Across perceived changes since COVID‐19, increased body weight was associated with increased eating, decreased physical activity, increased weight/shape and eating concerns. Increased eating was also significantly associated more time watching TV/movies. More time spent watching TV/movies was associated with more time on social media and gaming. Finally, increased weight/shape concerns were significantly associated with increased eating concerns.
We conducted exploratory analyses to determine whether study variables (see list in Table 2) differed between women and men or based on COVID‐19 restrictions. At Time 1, women endorsed significantly higher weight/shape concerns compared to men (8.59 (3.31) vs. 5.82 (1.78); t(21.31) = 4.25, p < .001; d = 1.04). At Time 2, women endorsed greater perceived increases in social media use compared to men (5.69 (.98) vs. 4.91 (1.45); t(86) = 2.32, p = .02; d = 0.63; χ2(5) = 15.84, p = .007; Cramer’s V = .42), and men endorsed greater increases in gaming compared to women following COVID‐19 (5.18 (1.54) vs. 4.19 (1.30); t(86) = 2.31, p = .02; d = 0.69; χ2(6) = 20.09, p = .003, Cramer’s V = .48). No other variables differed significantly between genders, likely reflecting the small number (n = 11) of men in the sample. Similarly, no significant differences emerged due to COVID‐19 restrictions, likely reflecting the very small number of participants (n = 8) who were not restricted to their homes.
The notion that people are gaining weight as a consequence of COVID‐19 was reflected in this sample’s perceptions of changes in their weight since COVID‐19. Over a quarter of college students (28.4%) perceived themselves as having gained weight since the onset of the pandemic. These perceptions replicate findings from other retrospective studies of perceived weight change following COVID‐19 (Scarmozzino & Visioli, 2020; Zeigler et al., 2020). These perceptions were related to increased concerns about weight and shape and eating – which over 60% of participants described as elevated since COVID‐19. Although the perception that weight increased after COVID‐19 was related to longitudinal changes in weight and BMI from January to April of 2020, the effect sizes for these associations were small, and the mean change in reported weight was very small. Mirroring this, longitudinal changes in weight description category exceeded changes in BMI category from Time 1 to Time 2. At Time 2, 10% of students (1 in 10) described their weight using a higher category than they used at Time 1, but only 2% (1 in 50) reported increases in weight that resulted in an increase in their BMI category. Thus, COVID‐19 appears to be impacting college students’ perceptions of their weight more than their weight, suggesting an increase in cognitive distortions related to risk for eating disorders (Brown et al., 2020; Keel & Heatherton, 2010).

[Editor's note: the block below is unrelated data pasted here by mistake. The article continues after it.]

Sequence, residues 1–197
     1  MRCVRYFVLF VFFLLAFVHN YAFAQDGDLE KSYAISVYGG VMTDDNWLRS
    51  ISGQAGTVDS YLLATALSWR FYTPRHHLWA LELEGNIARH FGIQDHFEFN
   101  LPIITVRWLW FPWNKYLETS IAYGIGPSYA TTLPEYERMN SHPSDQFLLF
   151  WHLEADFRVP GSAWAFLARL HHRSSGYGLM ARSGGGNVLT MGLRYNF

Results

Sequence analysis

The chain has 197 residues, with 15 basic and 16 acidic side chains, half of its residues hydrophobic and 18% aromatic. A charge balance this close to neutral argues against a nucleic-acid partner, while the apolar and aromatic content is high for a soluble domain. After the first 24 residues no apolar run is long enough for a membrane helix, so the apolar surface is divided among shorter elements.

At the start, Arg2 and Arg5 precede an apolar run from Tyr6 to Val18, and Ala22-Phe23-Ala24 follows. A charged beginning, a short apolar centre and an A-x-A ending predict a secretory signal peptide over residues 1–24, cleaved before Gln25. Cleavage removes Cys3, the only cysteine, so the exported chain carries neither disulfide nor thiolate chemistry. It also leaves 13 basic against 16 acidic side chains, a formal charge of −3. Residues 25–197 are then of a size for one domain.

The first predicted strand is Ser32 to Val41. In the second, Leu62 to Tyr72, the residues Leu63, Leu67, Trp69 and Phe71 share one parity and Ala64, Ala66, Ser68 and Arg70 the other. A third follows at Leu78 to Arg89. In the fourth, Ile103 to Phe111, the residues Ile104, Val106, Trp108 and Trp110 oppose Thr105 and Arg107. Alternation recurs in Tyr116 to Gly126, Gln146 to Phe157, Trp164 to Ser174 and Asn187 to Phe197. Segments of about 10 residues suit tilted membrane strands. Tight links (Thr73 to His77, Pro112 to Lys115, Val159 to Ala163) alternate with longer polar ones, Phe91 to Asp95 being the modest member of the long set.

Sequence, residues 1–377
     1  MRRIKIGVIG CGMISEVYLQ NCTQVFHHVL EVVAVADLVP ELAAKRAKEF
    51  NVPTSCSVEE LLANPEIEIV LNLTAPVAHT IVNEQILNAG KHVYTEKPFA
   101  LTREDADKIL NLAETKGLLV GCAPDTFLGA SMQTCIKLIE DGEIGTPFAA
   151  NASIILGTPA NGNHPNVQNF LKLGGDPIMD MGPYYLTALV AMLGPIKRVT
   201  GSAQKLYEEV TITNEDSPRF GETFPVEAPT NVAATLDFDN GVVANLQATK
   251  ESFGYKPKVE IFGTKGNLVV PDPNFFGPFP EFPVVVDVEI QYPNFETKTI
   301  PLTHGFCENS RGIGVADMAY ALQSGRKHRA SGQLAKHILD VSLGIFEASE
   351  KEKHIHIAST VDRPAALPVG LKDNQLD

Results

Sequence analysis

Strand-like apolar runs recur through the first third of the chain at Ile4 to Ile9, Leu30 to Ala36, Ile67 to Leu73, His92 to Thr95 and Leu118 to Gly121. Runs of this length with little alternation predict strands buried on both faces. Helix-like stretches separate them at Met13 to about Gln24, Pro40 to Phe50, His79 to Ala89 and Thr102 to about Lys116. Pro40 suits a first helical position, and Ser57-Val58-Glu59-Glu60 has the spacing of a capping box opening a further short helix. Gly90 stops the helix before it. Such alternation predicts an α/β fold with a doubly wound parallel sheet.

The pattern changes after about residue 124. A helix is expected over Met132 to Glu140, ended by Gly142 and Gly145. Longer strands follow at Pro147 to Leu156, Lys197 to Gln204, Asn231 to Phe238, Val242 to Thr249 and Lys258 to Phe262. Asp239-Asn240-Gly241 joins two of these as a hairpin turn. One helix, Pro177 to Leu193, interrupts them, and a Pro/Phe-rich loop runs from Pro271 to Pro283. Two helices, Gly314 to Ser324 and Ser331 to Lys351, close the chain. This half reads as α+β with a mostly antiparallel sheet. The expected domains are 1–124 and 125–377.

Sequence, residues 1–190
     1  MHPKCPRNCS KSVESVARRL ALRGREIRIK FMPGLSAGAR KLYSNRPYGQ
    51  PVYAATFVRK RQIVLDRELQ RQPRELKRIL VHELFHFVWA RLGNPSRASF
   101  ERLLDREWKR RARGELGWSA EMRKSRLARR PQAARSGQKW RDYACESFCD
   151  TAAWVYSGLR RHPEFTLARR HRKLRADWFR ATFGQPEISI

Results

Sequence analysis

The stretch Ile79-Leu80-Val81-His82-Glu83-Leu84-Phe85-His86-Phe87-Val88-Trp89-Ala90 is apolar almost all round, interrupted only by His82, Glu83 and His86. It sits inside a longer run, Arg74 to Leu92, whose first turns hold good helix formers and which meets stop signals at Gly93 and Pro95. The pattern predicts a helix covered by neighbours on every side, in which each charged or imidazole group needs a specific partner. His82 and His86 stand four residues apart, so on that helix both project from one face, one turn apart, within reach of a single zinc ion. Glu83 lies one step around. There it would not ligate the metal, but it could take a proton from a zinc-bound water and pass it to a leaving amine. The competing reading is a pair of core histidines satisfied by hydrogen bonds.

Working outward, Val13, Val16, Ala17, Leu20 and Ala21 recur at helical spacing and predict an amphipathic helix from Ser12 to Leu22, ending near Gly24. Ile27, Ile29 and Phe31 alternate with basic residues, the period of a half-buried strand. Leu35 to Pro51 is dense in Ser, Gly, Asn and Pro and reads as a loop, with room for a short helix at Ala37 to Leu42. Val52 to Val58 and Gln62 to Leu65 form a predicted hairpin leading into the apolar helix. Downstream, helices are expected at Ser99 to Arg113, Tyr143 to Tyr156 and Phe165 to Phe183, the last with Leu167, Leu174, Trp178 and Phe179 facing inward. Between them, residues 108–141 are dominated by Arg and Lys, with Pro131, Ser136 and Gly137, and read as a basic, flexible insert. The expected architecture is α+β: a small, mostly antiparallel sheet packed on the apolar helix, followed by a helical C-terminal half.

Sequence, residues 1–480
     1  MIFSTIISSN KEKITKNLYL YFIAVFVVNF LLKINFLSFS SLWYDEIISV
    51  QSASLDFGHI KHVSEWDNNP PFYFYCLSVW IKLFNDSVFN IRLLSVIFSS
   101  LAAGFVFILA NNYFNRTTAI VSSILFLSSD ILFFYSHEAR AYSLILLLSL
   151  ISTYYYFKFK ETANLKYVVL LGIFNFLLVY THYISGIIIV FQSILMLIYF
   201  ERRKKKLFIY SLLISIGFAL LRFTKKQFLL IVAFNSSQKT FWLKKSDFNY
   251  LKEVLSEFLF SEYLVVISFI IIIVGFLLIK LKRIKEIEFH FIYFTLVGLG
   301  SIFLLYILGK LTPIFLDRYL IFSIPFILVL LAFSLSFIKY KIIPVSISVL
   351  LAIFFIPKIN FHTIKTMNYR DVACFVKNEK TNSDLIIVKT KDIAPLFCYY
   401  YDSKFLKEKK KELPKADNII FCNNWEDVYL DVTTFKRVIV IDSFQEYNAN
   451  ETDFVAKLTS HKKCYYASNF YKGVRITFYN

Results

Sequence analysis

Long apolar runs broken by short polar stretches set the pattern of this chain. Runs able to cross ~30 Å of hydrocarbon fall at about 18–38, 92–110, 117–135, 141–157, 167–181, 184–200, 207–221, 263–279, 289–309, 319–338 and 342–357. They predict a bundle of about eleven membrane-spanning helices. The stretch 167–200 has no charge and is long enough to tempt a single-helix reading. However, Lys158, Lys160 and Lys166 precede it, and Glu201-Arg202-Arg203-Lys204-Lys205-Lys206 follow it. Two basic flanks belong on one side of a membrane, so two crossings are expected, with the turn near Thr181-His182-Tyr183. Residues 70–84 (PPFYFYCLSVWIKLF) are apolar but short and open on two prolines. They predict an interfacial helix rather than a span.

Over the 3‐month follow‐up, mean weight increased by 0.36 lbs. across participants. A meta‐analysis of longitudinal studies examining weight change in college students reported an overall effect of 1.55 kg over 10 months, which translates into 0.34 lb/month (Fedewa et al., 2014). The smaller change observed in the current study could reflect normal variation around this mean effect. It could reflect that factors contributing to weight gain in college were eliminated when students were forced off campus. Or it could reflect biased attrition if those who gained more weight were less likely to complete assessments at Time 2. Given that we found perceived increases in body weight and concerns about weight and shape among those who demonstrated relative stability in weight over time, findings may underestimate concerns brought on by COVID‐19 among those at greater risk for weight gain.
Findings converge with well‐established data from the body image literature in which perceptions about weight are influenced by cognitive and emotional factors as well as body weight (Cash & Deagle, 1997; Haynes, Kersbergen, Sutin, Daly, & Robinson, 2018). The positive correlation between perception that weight had increased since COVID‐19 and increases in reported weight and BMI from Time 1 to Time 2 reinforces that subjectively experienced changes partially reflect reported weight. However, the effect sizes for these associations were small, indicating that other factors impacted college students’ perceptions of their weight. Widespread and understandable increases in anxiety, distress, isolation, and frustration likely contribute to a tendency to view one’s self more negatively (McGinty, Presskreischer, Han, & Barry, 2020). In our weight‐obsessed culture, this may translate into increased likelihood of viewing the body as being heavier during this pandemic even if body weight has not changed meaningfully. Such concerns about weight may be particularly heightened by repeated warnings that the likelihood of hospitalization and death are elevated for those whose weight falls above the threshold for obesity (Centers for Disease Control and Prevention, 2020c).